Figure 1. Role for cytokines in CMV-induced organ pathologies. Organ or tissue and associated CMV-induced disease is labeled with inflammatory pathogenic cytokines highlighted in red and regulatory/suppressive pathways shown in blue.
Pro-Inflammatory cytokines, Systemic Cytomegalovirus-Induced Disease, and Organ Damage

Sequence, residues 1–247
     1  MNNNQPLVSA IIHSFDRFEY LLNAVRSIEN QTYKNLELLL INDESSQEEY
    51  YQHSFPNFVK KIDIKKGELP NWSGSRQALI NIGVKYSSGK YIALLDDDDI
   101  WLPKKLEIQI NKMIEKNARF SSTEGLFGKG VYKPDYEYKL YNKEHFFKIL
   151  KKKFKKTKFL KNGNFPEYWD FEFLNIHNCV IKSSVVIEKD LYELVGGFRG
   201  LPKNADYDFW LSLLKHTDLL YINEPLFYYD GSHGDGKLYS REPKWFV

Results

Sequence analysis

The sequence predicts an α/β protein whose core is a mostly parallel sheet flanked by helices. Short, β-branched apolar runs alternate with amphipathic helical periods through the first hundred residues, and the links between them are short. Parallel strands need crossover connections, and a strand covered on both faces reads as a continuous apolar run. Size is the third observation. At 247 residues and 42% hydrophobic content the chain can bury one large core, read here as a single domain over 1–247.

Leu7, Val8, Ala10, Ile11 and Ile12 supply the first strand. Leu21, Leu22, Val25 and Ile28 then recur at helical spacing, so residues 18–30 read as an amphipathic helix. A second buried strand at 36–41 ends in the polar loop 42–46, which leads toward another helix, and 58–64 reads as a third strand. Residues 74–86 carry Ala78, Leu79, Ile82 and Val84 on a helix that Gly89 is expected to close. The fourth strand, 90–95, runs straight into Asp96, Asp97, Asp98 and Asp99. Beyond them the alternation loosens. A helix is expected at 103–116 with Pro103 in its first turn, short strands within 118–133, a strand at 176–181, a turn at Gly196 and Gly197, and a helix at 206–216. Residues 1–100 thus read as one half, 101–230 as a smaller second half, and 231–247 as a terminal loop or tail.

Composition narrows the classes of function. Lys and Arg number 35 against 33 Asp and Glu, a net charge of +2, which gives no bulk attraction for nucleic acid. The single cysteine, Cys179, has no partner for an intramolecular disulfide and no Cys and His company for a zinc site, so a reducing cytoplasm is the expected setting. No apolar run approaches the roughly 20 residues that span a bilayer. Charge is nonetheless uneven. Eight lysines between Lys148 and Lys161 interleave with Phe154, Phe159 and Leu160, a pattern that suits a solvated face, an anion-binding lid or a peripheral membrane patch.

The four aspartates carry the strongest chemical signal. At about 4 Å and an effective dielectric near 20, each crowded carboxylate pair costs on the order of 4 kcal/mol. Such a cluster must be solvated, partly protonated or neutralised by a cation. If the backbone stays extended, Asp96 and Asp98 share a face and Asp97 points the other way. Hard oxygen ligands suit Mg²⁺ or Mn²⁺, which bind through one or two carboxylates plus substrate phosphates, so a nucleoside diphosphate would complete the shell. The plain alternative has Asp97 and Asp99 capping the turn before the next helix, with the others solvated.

Cytokine responses during HCMV viremia have been mostly studied in the transplantation setting where time of virus exposure is known. Following initial replication, sustained type 1 cytokine signatures are observed that are characterized by production of IFNγ [in some but not all studies (16)], IL-18 and IL-6, and is further accompanied by acute phase protein and chemokine (IP-10) secretion (16, 17). T-cells are implicated as a significant source of type 1 cytokines (18, 19). Furthermore, numerous pro-inflammatory chemokines and cytokines, including IL-6, are secreted directly following HCMV infection (20). HCMV triggers cytokine production through the stimulation of pattern recognition receptors (PRRs), most notably Toll-like receptor 2 (21), the cytoplasmic DNA sensor STING (22) and IFI16 (23). Mice defective in PRRs mount reduced cytokine responses to MCMV in vivo (24–26). Although differences in the relative contributions of PRRs to the recognition of MCMV and HCMV may exist, these data suggest that innate immune recognition of viral infection by PRRs contributes to HCMV-induced cytokine profiles. Furthermore, in vitro, HCMV stimulation of peripheral blood-derived monocytes increases expression of TLRs, CD14, and adaptor molecules and transcription factors downstream of TLRs (27). Thus, active HCMV replication likely induces systemic pro-inflammatory cytokine responses both following via direct host recognition but also, potentially, by priming the host immune response to respond strongly to unrelated microbial signals.